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A dental crown is a ‘shell’ that your dentist makes to fit over the top of a tooth to strengthen it. Some people call them “caps”.
Crowns are used to repair damaged or decayed teeth. They can also be used to improve teeth that are discoloured, mis-shapen or misaligned. Crowns make the tooth stronger and can make a huge improvement in how it looks. There are many different types of crown – all-ceramic crowns are very popular because they have excellent aesthetics and are very hard to tell apart from ‘real’ teeth; plus they’re strong and long-lasting.
- They are tooth-coloured! This sounds obvious, but no-one will notice them once within your mouth, making them suitable for any tooth.
- They are natural-looking. Crowns have excellent aesthetic properties, so they are often almost impossible to tell apart from natural teeth. They’re generally regarded as the most natural-looking kind of dental restoration.
- They’re very strong. This means they’re ideal for repairing and restoring teeth that have been badly damaged or extensively restored in the past.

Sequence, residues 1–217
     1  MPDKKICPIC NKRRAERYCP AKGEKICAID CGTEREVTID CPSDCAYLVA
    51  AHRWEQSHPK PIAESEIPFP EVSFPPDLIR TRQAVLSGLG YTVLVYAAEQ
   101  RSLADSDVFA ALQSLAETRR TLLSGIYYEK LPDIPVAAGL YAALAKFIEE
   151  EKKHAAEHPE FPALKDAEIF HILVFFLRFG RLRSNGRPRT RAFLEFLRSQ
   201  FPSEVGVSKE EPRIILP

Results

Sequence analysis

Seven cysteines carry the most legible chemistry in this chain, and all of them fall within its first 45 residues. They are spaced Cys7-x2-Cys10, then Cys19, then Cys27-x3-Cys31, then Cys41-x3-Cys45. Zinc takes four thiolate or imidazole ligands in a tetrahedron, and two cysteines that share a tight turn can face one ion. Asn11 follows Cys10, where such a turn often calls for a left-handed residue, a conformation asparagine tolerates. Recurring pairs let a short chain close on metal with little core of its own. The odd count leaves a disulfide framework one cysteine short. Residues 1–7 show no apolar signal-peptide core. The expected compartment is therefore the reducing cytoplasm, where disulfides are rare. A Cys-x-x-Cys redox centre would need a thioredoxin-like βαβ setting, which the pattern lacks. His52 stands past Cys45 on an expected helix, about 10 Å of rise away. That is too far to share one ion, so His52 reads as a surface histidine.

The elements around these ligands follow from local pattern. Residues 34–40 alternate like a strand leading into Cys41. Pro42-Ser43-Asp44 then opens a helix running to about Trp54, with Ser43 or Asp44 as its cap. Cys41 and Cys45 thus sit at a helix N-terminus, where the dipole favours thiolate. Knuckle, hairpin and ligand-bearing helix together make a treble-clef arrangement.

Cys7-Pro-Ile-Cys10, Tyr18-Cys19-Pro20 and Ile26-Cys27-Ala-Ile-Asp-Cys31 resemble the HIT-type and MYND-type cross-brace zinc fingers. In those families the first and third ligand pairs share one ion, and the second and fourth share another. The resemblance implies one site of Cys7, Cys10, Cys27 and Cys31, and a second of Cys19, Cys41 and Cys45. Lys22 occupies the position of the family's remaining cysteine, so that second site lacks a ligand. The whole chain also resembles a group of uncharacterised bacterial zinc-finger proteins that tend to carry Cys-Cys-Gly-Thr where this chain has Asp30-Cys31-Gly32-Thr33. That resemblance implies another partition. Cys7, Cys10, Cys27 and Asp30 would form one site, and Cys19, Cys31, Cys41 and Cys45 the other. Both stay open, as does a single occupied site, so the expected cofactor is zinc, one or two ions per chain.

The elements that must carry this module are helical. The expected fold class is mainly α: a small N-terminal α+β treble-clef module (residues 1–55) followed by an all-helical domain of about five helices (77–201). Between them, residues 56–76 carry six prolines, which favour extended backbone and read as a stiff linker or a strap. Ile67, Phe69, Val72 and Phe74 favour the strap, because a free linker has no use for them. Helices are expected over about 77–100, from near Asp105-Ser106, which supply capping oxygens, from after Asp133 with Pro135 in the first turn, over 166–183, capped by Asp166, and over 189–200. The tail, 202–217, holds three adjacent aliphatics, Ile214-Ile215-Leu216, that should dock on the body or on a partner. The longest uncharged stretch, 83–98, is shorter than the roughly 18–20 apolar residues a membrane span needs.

- They can change the shape or even position of your teeth. Crowns aren’t just good at mimicking a “real tooth” – when they’re placed there’s a degree of flexibility so the dentist can also change the shape or even the apparent position of the tooth.
- They’re excellent for repairing teeth after root canal. The figures are clear – where our dentist, Joanne Giddy, places a crown on a tooth after root canal therapy, 86% will survive for 10 years or more without any further treatment. Where patients choose a filling instead, just 65% make it to the 10-year mark; so it may be cheaper but it’s a false economy.
- They’re durable – they usually last over 10 years and frequently much longer than that – we have cases where crowns have lasted 20 or even 30 years.